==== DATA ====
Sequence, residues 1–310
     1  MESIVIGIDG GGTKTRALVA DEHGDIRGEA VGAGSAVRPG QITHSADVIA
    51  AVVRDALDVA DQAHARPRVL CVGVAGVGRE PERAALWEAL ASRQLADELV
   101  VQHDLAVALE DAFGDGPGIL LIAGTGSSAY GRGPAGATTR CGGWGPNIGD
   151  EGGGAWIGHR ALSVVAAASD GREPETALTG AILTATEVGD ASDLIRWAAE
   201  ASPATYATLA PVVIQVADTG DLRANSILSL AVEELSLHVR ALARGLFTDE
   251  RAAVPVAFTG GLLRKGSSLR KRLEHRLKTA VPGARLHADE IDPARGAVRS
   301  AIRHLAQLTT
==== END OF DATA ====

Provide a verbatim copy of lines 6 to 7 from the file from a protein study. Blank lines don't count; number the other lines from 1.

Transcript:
   201  ASPATYATLA PVVIQVADTG DLRANSILSL AVEELSLHVR ALARGLFTDE
   251  RAAVPVAFTG GLLRKGSSLR KRLEHRLKTA VPGARLHADE IDPARGAVRS